Brazil – a country of the future as usual?

11:59 by Hubert Fromlet, Kalmar

10-15 years ago, many analysts were hoping that Brazil finally was about to establish itself on the right track for more sustainability of economic growth.

Since 2001, the so-called BRIC markets (Brazil, Russia, India, China) received increasing attention by (international) investors, mainly based on good growth expectations for all four countries – despite the fact that they clearly had different fundamental preconditions. In the past few years, however, Brazil’s economy was more and more disappointing.

Having dealt with Brazil for quite some years, I had my doubts about Brazil ‘s economic growth prospects already around 2005 or so, i. e. during the latter part of the first Lula regime which altogether with the second term had a number of promising years between 2003 and 2010 all the same.

Unfortunately, Lula’s successor Dilma Rousseff never got on the right track with all necessary reforms. Real structural progress was not noted in the first 5 1/2 years of her presidency which in the past two years was determined by power conservation without major future-oriented changes, accompanied by a GDP decline of 8 percent in the past 24 months (however, also caused by declining global commodity prices).

No wonder that markets reacted positively when Rousseff recently was suspended from office the other day, now facing an impeachment. Brazil’s currently acting president Michel Temer on the other hand seems to be quite impopular already now and hardly able to win direct presidential elections, particularly if he really will implement tough measures against Brazil’s rapidly rising government debt. Sensitive areas such as labor markets, social benefits and pensions could be hit by possibly coming austerity measures.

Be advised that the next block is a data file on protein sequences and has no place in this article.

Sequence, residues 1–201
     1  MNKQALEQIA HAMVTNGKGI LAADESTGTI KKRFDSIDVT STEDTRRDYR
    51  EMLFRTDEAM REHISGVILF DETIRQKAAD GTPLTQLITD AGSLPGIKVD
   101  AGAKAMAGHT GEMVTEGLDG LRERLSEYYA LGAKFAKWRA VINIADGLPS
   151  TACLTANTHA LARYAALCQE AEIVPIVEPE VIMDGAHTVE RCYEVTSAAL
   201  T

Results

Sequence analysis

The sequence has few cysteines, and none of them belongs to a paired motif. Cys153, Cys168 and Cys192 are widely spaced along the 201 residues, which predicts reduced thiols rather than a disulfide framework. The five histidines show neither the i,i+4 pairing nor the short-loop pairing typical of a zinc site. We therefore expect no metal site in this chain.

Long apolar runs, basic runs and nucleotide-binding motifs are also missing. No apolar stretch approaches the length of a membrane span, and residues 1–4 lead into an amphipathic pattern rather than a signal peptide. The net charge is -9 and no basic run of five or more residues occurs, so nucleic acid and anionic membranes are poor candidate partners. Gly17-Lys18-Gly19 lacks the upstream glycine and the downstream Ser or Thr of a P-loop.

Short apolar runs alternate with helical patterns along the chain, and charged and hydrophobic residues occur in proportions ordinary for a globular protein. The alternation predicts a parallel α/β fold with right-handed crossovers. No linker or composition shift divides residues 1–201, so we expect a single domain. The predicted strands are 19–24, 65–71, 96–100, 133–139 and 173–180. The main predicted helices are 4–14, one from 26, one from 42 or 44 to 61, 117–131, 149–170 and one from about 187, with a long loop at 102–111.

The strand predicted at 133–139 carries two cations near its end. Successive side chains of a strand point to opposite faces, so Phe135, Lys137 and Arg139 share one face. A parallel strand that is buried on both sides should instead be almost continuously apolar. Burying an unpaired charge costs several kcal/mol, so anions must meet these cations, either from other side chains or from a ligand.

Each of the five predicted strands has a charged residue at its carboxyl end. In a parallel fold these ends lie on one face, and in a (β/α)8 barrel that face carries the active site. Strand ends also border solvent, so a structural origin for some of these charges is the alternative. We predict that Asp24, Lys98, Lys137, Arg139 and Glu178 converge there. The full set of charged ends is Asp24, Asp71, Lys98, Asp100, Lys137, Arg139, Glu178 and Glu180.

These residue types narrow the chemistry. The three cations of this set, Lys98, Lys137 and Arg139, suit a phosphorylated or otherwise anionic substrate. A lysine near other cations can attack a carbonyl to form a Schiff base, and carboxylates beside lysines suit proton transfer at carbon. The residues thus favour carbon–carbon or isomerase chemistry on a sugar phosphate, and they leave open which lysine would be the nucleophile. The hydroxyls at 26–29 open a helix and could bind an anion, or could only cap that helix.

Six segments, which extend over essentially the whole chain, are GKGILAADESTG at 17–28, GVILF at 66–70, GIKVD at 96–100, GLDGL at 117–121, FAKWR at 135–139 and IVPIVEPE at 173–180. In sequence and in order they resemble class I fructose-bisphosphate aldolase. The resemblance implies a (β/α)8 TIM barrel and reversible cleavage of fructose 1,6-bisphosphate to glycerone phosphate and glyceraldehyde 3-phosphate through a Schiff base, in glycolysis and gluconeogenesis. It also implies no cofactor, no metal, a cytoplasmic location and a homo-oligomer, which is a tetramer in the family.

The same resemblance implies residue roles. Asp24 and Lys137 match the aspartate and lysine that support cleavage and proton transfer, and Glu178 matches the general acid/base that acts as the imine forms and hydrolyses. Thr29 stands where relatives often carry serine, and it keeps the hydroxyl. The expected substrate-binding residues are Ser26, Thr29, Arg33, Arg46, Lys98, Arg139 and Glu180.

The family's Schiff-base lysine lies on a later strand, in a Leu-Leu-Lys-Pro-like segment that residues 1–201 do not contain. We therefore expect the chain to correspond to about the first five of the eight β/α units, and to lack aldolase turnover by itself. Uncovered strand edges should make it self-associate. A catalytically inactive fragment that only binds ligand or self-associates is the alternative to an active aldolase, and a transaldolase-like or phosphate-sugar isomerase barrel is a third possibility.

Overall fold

Sorry to say: my long-time lasting experience has been confirmed again: Brazil remains unable to achieve sustained good economic growth. It is really an “up- and-down economy” – with variable periods of ups and downs.

This distorting phenomenon will not be wiped out before Brazil really can manage far-reaching and continuous reforms regarding a broad and good human capital formation, better institutions and a fairer distribution of income – accompanied by much more effective and future-oriented political leaders all over the country.

This is what both experience and economic research tells us.

In my early days as an economist, Brazil was often introduced as a country of the future. It still is! Forever?

Hubert Fromlet
Senior Professor of International Economics, Linnaeus University
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